Free US Shipping On Orders Over $99
Free US Shipping On Orders Over$99
All content (video, audio, and .pdf files) copyright © Catholic Productions, LLC. All rights reserved. Click here for details.

The Twenty-sixth Sunday of Ordinary Time, Year C

Gospel, First Reading & Psalm


Second Reading


***Subscribe or Login for Full Access.***

GOSPEL, FIRST READING & PSALM TRANSCRIPT (Subscribe or Login for Full Transcript):

Okay, well here we have another term for realm of the dead that’s a little obscure or at least polyvalent—it has different meanings. So originally, the word Hades was just a Greek translation for the Hebrew word sheol, which was the realm of the dead. So in the Old Testament, in the book of Ecclesiastes 9 or Psalm 89, sheol is just the name of the realm to which all the dead go. So if you’re dead and it’s the Old Testament, you go to sheol. Whether you were good, whether you were bad, or somewhere in between, everybody goes to sheol. But by the time of Jesus, in the Second Temple Period, the ideas about the afterlife had become much more definite, and in the book of Sirach, for example, chapter 21:9-10, by the second century BC, the term Hades gets used specifically to translate the realm of the damned. So it becomes a kind of more narrow term, referring to the place where the wicked go—not just all the dead, but either a part of sheol or the place within sheol where the wicked are. So you can think of it as two sides of the railroad tracks, right? There’s a good side and a bad side. So Hades becomes more aligned with describing the realm of the wicked, and you can actually see that’s how Jesus uses the word Hades in the Gospel of Luke itself. If you go back to Luke 10:15, you remember when Jesus was going to Caper′na-um and Tyre and Sidon and Beth-sa′ida and these different places, and they’re rejecting him. In Luke 10:15, Jesus says:

And you, Caper′na-um, will you be exalted to heaven? You shall be brought down to Hades.

So notice there, how does Jesus use Hades earlier in the Gospel? As the opposite of heaven. So a person’s either exalted to heaven or brought down to Hades. So if they accept Jesus, they’re going to be exalted to heaven. If they reject Jesus, they’re going to be brought down to Hades, which obviously in this case, implies the realm of the wicked or the realm of the damned. So that’s how Hades is being used in this parable.

So the rich man goes to Hades, he sees Abraham far off, and Abraham is in peace, Lazarus is at peace, but he is in torment and in a place of flames. So those are the two features of Hades: anguish (or torment) and flames. So it’s a place of fire and a place of suffering. Notice something also here: that the rich man can see Lazarus and Abraham, and that he says there is a chasm fixed between them. Now when I listened to this parable growing up, I always kind of imagined it as like the rich man is down in the underworld, and Abraham and Lazarus are up in heaven. And that’s possible, but it’s interesting that for other Jewish sources in the first century, we also have descriptions of the afterlife that depict it in a sense one realm with two sides, with a chasm in the middle. So rather than it being like heaven down there—ha, heaven down there—hell down here and heaven up here, they can also see it along a kind of horizontal axis with a chasm. So for example, in 4 Ezra 7, which is a first century Jewish writing, it says this:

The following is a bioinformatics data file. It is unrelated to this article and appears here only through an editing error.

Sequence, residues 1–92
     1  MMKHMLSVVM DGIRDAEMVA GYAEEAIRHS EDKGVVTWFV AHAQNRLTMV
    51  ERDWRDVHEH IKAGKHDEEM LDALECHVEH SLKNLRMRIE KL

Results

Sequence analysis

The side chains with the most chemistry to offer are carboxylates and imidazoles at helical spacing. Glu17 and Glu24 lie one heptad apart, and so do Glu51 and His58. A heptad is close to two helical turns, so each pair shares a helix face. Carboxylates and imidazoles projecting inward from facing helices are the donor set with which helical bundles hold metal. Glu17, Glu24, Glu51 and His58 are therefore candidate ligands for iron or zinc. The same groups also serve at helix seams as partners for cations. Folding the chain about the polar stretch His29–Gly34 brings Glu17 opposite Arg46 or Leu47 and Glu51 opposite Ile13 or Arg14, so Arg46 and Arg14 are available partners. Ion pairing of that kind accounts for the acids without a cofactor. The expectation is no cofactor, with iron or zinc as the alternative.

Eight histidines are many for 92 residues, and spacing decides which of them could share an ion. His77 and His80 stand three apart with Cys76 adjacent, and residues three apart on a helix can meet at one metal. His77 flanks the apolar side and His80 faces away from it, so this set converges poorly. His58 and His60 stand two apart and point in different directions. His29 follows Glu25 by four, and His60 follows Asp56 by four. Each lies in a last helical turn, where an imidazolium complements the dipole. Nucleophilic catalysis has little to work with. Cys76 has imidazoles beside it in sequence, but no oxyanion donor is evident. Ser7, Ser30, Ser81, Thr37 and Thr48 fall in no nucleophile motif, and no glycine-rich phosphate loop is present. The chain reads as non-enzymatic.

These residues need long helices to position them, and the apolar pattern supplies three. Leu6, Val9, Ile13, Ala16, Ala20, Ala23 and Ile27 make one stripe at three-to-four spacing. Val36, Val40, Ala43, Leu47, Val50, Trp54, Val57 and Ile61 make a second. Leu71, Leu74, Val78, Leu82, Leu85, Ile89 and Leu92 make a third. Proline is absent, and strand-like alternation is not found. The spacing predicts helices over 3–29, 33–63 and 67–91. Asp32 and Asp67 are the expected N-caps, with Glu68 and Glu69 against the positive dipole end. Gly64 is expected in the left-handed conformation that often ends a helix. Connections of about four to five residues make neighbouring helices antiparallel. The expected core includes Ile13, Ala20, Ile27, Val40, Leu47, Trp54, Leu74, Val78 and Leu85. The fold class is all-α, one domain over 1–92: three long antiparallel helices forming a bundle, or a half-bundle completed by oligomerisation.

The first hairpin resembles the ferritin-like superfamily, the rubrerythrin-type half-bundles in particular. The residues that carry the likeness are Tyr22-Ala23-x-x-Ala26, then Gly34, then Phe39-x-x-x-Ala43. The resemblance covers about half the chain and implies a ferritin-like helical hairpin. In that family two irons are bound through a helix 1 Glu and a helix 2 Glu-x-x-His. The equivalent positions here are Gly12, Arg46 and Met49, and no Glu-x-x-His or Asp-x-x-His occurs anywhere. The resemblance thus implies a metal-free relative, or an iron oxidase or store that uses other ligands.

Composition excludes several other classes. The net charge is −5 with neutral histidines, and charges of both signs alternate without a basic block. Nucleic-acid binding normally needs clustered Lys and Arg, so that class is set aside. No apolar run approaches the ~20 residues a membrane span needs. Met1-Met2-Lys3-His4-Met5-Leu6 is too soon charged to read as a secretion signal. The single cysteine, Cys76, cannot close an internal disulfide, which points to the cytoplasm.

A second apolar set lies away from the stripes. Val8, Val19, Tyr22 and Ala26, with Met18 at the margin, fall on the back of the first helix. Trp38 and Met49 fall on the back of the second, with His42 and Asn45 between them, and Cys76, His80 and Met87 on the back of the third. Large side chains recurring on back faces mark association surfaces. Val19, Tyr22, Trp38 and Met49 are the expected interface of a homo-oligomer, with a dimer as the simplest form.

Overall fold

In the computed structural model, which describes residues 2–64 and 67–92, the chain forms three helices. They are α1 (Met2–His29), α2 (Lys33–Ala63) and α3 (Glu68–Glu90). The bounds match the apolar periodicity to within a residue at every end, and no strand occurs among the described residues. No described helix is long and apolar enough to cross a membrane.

Then the place of torment shall appear, and opposite it shall be the place of rest; and the furnace of Gehenna shall be disclosed, and opposite it the Paradise of delight.

That’s 4 Ezra 7:36-37. So according to this view, it’s like one realm of the dead with two parts: gehenna, which is a place of torment and flames, and then paradise, which is a place of rest and peace. And either way, whether it’s up or down, or left and right, the idea here is that these two realms are divided. There’s a chasm between them, and you can’t cross the chasm. You can’t cross the great divide. So notice what the rich man says: “Send Lazarus to dip the end of his finger in water and cool my tongue.” Now I want you to think about this: even in death, the rich guy treats Lazarus like he’s a slave. Notice, he speaks to Abraham with respect, “Oh Father Abraham, well could you send your servant Lazarus to get me some water and dip the end of his finger in water and cool my tongue, because I’m in anguish here and in these flames.” Unfortunately, Abraham says, “Sorry, there’s a chasm between us, and no one crosses from one side to the other.” So in response to that, the rich man says, “Well, then I beg you, send him back to my father’s house, to my five brothers to warn them, lest they also come to this place of torment.” And Abraham says, “Sorry, can’t do that either.” Listen to this: “They have Moses and the prophets. Let them listen to them.” Pause here.